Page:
That’s right: match Globe Santa, a charitable fund supported by one of the biggest newspapers in Boston that is owned by the New York Times Company. Match a charity that has been running for over 50 years, with all the benefits of infrastructure and experience that implies. Match a charity that receives more than $1 million per year with heavy corporate involvement.

The implication is that charity doesn’t matter if it isn’t big and splashy. Charity doesn’t matter if it only helps a handful of people instead of thousands. It’s a point of view that is completely wrong-headed and insulting. Using the success of a charity event as an opportunity for scorn is shameful. Charity isn’t and shouldn’t be a pissing contest; if it is, you’re not actually exhibiting charity, you’re exhibiting pride.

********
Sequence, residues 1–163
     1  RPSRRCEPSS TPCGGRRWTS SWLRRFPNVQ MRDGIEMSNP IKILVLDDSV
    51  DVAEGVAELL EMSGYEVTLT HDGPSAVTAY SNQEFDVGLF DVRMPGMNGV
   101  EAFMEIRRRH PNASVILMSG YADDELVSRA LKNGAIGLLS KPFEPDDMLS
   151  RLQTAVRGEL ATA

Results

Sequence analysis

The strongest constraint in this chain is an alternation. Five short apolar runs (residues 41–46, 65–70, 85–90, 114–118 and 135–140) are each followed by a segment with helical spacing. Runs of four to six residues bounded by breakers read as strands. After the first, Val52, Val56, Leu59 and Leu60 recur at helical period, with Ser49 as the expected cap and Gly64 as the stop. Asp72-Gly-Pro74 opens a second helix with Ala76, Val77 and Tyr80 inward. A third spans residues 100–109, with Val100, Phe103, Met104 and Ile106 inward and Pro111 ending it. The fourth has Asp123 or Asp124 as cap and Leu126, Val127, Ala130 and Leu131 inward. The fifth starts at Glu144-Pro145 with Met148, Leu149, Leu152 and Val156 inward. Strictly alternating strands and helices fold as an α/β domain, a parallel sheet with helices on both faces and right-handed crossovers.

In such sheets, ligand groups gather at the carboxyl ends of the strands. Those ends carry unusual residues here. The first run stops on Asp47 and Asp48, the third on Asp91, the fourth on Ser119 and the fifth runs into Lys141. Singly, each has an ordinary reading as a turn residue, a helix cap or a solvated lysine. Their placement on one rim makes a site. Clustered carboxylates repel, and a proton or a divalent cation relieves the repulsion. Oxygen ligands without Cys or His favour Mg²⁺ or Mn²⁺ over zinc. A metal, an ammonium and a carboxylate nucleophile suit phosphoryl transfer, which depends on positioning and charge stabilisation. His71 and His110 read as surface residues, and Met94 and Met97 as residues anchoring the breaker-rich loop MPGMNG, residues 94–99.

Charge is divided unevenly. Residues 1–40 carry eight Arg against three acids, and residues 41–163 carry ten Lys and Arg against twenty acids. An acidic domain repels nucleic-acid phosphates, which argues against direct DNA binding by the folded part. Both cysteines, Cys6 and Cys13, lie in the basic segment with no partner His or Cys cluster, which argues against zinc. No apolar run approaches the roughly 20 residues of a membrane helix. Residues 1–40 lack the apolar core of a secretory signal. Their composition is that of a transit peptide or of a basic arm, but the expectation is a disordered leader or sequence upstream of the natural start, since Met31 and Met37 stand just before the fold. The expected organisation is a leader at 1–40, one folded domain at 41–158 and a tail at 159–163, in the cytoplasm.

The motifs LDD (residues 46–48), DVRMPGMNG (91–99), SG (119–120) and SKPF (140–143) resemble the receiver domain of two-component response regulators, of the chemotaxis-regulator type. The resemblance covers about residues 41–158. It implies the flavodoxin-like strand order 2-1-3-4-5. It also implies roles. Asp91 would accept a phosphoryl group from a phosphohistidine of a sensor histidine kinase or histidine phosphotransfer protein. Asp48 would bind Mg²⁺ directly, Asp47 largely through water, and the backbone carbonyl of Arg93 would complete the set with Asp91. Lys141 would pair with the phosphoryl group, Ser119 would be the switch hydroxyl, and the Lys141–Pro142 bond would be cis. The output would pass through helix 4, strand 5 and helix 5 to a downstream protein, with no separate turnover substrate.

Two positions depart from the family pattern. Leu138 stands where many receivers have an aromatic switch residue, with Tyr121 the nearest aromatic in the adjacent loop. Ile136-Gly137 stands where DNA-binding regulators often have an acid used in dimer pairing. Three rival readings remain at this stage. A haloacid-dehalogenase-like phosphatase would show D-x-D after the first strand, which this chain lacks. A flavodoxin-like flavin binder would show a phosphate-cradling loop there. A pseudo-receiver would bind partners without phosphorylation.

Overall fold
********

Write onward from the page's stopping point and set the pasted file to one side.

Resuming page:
The silly thing is, some of the charitable endeavours currently being started by bloggers may someday reach the level of something like Globe Santa. Richard Loat’s Five Hole for Food has grown exponentially and is only in its third year of existence. In their first year, they raised 6000 pounds of food; this year they raised 43,000 pounds of food in Vancouver alone.

Even still, every pound of food and every dollar raised is important. It means a stomach will be filled, a child clothed, and a potential cure for cancer researched. Labelling bloggers as uncharitable because of the size of their charitable contributions is simply wrong.

Comments (34)

  1. succinctly said.